While today’s announcement effectively brings the case to a close, the questions presented by Friedrichs — (1) whether Abood v. Detroit Board of Education should be overruled and public-sector “fair share” arrangements invalidated under the First Amendment, and (2) whether it violates the First Amendment to require that public employees affirmatively opt out of subsidizing nonchargeable speech by public-sector unions — may be litigated again and brought back before a (presumably full) Court in the future.

Today’s News & Commentary — April 27, 2016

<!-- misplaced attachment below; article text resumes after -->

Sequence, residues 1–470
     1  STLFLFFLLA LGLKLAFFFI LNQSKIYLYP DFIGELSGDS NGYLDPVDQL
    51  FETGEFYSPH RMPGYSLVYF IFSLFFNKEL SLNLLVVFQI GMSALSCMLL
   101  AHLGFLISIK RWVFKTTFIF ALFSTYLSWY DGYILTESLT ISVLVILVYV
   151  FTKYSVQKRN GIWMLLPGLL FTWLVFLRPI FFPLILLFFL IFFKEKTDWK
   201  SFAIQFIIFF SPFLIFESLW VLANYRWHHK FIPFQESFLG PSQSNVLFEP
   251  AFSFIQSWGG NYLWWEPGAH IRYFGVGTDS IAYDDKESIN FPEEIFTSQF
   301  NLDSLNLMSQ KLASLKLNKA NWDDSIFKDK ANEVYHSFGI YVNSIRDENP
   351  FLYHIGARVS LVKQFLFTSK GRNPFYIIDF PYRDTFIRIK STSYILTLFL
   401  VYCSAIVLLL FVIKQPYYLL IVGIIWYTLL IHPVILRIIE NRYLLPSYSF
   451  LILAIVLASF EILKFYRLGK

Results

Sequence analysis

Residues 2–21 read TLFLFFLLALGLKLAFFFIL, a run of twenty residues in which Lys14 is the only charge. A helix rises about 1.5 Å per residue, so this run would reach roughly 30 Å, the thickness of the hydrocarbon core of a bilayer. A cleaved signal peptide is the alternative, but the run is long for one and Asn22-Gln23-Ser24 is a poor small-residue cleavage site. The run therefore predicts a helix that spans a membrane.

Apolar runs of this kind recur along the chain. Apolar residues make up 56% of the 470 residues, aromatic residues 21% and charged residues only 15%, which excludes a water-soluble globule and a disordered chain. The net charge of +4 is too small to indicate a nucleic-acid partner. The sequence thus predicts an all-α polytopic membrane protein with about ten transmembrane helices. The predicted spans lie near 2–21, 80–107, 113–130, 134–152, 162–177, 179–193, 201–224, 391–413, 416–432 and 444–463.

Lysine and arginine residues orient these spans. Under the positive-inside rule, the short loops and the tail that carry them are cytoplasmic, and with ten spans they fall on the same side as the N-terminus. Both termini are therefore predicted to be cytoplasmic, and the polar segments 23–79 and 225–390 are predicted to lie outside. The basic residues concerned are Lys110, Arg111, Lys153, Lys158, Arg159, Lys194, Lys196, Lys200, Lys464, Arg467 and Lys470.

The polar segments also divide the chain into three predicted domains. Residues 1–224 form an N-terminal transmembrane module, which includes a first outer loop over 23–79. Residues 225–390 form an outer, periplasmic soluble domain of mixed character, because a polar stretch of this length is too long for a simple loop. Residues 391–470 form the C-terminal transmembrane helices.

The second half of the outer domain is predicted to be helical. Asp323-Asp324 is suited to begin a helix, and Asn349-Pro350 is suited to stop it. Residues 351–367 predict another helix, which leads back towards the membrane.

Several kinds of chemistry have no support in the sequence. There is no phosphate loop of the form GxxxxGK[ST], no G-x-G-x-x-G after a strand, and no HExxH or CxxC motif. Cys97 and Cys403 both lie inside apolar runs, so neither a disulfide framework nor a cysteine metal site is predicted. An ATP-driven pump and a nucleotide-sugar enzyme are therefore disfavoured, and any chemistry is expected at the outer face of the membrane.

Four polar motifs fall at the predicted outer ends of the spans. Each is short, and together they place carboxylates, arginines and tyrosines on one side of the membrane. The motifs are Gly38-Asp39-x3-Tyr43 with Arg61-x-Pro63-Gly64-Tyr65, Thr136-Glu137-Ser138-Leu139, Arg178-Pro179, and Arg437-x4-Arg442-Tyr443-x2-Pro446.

According to the New York Times, 2,000 full time employees of the upstate New York-based Chobani yogurt company recieved ownership stakes in the company yesterday which could be worth up to ten percent of the company in total if it is sold or goes public.  The number of shares will be calculated by the amount of time each employee has worked for the company, which was founded in 2005, with some employees receiving shares which could be worth over $1 million.  The shares are coming directly from Hamdi Uklaya, Chobani’s founder, who still owns a “vast majority” of the company.  Ulukaya stated of the transfer, “I’ve built something I never thought would be such a success, but I cannot think of Chobani being built without all these people…. Now they’ll be working to build the company even more and building their future at the same time.”